A divorce can be finalized through a few routes. Divorces can be executed out of court when both spouses agree on all the issues at hand. They can also work with a mediator or other neutral party to work out any remaining conflicts.
If there is significant conflict, the divorce may need to enter into litigation where you and your spouse will bring the issues to court, with or without the help of attorneys, to have a judge help you work them out.
Sometimes litigation isn’t enough and then the divorce may be brought to trial. Trials are rare in divorce, however, are more common in divorces involving minor children, complex property division or significant assets. A divorce trial can last from less than one day to several days, depending on the issues being addressed. Divorce trials can cost thousands of dollars from start to finish however they can be worth the investment if there are significant assets or your child’s welfare at stake.
The divorce trial process starts before you actually appear in court. When you decide to go to trial, you or your attorney will have to set the trial date with the court by submitting a request for trial setting. Courts do not have unlimited spaces available for divorce trials; pre-trial proceedings ensure that the trial is executed in the most efficient manner possible.
Next, you or your attorney, if you have one, will have to attend a trial setting conference, which allows the judge to evaluate your case, make sure you are ready for trial and have exchanged discovery and estimate about how long it will take. Discovery is the exchange of documentation prior to the trial process, which ensures all issues at hand can be decided based on objective facts. Discovery can include everything from bank statements to medical records; anything that is relevant to the issues at hand.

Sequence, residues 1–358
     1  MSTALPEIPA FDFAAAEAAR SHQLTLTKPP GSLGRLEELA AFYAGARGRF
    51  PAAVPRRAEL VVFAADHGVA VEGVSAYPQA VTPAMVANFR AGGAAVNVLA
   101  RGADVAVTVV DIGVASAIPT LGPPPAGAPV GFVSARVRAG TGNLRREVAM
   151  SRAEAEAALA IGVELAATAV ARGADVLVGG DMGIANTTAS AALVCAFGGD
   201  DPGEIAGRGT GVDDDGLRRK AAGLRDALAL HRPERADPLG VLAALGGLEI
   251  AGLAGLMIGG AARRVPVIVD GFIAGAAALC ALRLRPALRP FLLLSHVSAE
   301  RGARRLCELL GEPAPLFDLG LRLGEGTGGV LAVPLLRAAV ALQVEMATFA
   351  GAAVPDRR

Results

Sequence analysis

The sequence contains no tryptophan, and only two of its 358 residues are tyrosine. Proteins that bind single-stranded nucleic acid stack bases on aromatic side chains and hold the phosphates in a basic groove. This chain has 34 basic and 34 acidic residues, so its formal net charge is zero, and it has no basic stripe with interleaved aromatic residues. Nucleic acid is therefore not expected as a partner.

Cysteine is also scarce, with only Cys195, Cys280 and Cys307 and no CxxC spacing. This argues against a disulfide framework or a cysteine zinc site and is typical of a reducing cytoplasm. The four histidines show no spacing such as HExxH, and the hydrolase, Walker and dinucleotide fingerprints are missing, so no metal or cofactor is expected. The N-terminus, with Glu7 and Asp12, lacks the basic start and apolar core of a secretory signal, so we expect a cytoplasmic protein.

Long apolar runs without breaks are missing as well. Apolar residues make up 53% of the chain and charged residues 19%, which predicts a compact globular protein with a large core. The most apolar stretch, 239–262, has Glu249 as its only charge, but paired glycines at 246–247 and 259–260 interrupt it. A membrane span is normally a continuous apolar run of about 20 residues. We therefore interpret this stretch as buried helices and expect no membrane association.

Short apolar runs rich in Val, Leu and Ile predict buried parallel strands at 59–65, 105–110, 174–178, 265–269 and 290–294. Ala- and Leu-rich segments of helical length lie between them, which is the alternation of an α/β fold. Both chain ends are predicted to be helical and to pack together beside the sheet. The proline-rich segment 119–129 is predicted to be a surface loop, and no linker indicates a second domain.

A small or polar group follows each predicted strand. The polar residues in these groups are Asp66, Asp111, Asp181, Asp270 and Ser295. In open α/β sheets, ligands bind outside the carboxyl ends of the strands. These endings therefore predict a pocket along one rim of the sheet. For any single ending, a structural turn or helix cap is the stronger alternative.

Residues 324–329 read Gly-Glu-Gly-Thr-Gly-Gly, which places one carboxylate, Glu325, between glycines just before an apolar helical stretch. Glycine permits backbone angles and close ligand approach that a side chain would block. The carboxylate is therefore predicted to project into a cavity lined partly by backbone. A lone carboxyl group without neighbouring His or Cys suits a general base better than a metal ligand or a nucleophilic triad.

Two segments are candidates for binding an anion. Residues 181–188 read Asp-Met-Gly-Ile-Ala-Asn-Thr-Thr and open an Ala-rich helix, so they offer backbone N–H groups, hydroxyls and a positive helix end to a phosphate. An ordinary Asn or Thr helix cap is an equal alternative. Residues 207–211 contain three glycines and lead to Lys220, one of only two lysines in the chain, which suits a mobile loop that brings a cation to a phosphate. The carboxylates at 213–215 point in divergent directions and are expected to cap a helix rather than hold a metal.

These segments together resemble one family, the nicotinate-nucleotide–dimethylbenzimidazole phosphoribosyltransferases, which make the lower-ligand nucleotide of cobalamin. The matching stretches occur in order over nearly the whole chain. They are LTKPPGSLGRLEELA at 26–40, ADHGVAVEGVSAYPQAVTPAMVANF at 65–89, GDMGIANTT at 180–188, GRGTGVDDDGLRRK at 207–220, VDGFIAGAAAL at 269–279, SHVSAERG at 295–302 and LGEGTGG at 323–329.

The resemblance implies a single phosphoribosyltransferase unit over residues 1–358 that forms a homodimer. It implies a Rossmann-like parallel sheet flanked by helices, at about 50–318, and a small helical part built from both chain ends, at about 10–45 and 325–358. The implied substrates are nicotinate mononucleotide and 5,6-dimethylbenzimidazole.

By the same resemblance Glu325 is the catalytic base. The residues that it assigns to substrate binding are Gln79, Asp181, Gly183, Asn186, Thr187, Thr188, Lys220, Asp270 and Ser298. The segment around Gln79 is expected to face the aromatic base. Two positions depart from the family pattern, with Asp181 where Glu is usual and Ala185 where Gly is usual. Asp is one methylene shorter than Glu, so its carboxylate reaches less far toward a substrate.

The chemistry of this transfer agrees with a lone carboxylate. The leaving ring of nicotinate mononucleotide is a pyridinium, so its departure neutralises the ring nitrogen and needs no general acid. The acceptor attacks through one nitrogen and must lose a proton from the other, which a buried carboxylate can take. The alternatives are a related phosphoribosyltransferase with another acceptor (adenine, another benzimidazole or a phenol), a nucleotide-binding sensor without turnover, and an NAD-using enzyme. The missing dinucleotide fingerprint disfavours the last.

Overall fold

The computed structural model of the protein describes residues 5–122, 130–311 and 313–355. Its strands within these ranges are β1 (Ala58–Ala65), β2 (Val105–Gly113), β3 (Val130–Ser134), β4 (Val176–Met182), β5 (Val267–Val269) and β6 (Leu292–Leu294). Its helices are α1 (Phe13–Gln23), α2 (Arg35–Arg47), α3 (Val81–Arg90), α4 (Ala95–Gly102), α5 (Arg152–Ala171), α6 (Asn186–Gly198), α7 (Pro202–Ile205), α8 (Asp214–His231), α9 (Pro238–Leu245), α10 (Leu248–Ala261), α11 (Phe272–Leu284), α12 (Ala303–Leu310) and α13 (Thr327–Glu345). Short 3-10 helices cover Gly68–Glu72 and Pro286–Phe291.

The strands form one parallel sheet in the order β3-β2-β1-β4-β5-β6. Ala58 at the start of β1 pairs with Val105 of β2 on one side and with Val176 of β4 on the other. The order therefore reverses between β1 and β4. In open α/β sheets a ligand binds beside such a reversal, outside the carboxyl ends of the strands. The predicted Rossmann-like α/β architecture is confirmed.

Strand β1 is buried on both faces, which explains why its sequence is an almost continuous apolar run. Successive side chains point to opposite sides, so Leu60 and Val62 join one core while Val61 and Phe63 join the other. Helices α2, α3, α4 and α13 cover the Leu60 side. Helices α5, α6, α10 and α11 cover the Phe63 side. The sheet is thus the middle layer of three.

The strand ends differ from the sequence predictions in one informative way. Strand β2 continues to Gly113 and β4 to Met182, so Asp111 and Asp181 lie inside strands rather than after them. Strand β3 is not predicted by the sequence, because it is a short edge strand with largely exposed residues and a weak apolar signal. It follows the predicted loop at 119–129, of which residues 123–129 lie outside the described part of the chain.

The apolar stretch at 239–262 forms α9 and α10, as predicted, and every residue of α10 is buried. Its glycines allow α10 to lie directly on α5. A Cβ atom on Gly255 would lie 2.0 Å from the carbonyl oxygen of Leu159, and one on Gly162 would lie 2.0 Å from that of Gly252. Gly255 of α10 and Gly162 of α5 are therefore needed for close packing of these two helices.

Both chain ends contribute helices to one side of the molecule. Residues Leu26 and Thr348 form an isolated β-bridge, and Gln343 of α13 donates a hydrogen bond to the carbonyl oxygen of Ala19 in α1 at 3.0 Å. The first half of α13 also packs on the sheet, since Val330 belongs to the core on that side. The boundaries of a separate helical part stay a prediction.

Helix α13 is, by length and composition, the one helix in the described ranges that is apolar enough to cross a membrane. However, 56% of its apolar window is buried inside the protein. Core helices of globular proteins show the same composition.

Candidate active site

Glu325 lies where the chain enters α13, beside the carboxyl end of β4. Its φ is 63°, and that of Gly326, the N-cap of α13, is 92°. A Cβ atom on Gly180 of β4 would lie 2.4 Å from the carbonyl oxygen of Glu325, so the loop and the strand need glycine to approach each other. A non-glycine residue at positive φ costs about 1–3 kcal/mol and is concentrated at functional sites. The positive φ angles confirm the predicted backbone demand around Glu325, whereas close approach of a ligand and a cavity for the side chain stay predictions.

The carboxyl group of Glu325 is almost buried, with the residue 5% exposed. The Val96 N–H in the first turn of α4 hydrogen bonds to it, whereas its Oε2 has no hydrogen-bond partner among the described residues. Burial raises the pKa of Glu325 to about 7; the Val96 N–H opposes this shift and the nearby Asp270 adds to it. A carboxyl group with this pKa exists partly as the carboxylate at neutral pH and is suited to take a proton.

You will also have to attend a mandatory settlement conference unless your trial is expected to last less than a day. This conference allows you one last chance to settle all you can so the trial is executed as efficiently as possible.
At the trial, you or your attorney will present the issues at hand and explain your reasoning behind your requests and proposals. The opposing party will do the same. There may some in court negotiations and then the judge will issue a final ruling, also called a judgment, on your case. All divorce trials are risky. You are largely leaving it up to a judge to resolve issues that are important and personal to you. If you are hesitant to allow your personal issues to be resolved in this way, trial may not be for you. In this case, mediation may help you resolve your issues in a more collaborative way.
Are you in the Los Angeles area and have questions about divorce trial? Certified Family Law Specialist Mark H. Karney has experience bringing divorces to trial in the Los Angeles area. Attorney Mark H. Karney and his skilled legal team can help you bring your issues to court and obtain an outcome you are happy with. Call our Los Angeles office at (310) 393-0236; email us at firstname.lastname@example.org or contact us through our online form to schedule your free consultation with one of Los Angeles’s premier family law attorneys.Related Posts: What is Used as Evidence in a Divorce Trial? | What Should I Document During My Divorce Proceedings? |